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On January 15th, I headed to Thailand on a Soi Dog Foundation sponsored trip to visit their shelter in Phuket and the government animal quarantine area in Buriram Province. HT has been partnering with Soi Dog since earlier in 2016 to bring dogs who were rescued from the illegal meat trade to the US for adoption. Their wonderful program previously allowed for HT Dog Program Director Jenn Lafrican and HT Deputy Director Rebecca Goodhart to visit and return with dogs, through the donation of airline miles courtesy of generous Soi Dog supporters.

After the 20-hour flight to Bangkok, I was met by Soi Dog staff led by Cristy Baker who heads up the rescue program, and we boarded a van for the 4-hour trip to Buriram, a province north and east of Bangkok. We would spend the next days visiting the more than 1,000 dogs being held at the facility. All of the dogs here were rescued from the illegal meat trade.

The dogs are stolen from homes, found on the streets and at temples where they are then shoved into small cages (see photo below of an actual cage) – cages so small that many of the dogs suffocate before they can be rescued or are slaughtered. Once they cross the border, they are slaughtered in horrific ways and put into the market for consumption. Thankfully, due to the tireless efforts by Soi Dog and other rescue groups, the Thai government made this trade illegal in recent years and the crackdown of those still active has been vigorous. Thousands of dogs’ lives have been saved. But it’s not yet over.

In Buriram, over 1,000 dogs live communally in outdoor lots. The lots are thankfully shaded by trees and roofed units with platforms that the dogs can crawl and jump on to take naps. Soi Dog provides all of their food as well as these structures. The government hires and manages the staffing. The dogs are vetted and spayed/neutered upon arrival. And while they have ample space to exercise and plenty of fresh air, there is a tremendous lack of attention, love and care for these dogs. For it is simply too difficult for so few workers to attend adequately to 1,000 dogs. It was hard not to see this many dogs at once and wonder if their conditions were better or worse that the thousands of dogs who spend months and sometimes years in desolate shelter runs across the US.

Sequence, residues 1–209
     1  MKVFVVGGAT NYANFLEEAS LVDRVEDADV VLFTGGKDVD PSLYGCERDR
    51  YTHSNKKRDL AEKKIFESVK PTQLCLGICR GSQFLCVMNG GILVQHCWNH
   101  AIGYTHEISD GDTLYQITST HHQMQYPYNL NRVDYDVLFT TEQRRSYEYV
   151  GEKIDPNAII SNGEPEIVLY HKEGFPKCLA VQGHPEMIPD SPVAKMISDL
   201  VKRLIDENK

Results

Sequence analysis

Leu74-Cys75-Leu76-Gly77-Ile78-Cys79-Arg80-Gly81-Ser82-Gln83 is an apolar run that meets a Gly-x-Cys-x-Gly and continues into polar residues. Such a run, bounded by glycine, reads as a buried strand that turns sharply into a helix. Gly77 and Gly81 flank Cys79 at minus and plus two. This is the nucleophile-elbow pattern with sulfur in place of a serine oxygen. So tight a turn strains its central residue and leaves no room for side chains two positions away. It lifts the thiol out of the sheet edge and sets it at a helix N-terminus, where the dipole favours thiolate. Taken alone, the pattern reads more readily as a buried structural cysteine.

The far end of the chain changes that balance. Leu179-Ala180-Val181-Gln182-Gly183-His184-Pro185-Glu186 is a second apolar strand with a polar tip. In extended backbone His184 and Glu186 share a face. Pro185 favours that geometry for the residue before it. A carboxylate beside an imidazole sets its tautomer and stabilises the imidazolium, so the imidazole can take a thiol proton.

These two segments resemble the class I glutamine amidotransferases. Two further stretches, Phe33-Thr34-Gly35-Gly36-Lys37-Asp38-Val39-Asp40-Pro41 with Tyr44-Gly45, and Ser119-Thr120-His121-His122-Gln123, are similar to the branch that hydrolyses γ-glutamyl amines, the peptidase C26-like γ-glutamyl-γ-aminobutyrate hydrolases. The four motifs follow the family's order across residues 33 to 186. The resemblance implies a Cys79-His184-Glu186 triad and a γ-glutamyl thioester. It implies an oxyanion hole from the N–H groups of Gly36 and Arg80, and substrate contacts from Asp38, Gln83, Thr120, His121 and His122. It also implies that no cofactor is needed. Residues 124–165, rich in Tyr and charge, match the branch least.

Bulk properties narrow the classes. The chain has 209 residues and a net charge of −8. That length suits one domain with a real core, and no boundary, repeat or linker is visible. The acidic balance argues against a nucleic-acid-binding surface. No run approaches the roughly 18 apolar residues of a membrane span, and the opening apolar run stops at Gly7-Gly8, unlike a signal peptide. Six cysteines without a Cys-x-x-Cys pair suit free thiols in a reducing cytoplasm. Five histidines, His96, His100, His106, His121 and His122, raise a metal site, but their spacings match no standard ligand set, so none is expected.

As we arrived, I could hear the dogs barking in the distance. I was nervous to see all the dogs and braced for what I knew would be an emotional experience. As we approached the walls containing the dogs in the yards, many jumped up to greet me through the fences. Others stood back and eyed me warily. Others remained on their perches, eying me cautiously but then turning away, as if they knew I was not bringing anything of value to their lives and I was only a temporary visitor. I suspected those are the dogs who had been there for years; the ones who may have once had hope to be part of a family but in time, simply lost that hope and now passed their endless days with sleeping and eating as their only stimulation.

The Soi Dog staff go to work immediately photographing the dogs, taking inventory and working to identify the 60 dogs who would be leaving with us the next day to head to Phuket where they would remain until rescue was secured. Most of the 60 had been identified on a previous visit, but some were no longer there…leaving concerns and sadness…so we chose a few new ones to go in their places. This would be the largest single transport of dogs from Buriram since the Soi Dog effort started. Initially, only 2 or 3 dogs would leave at a time. The last transport was 30 dogs. And now 60 were leaving. This was an exciting time to be visiting.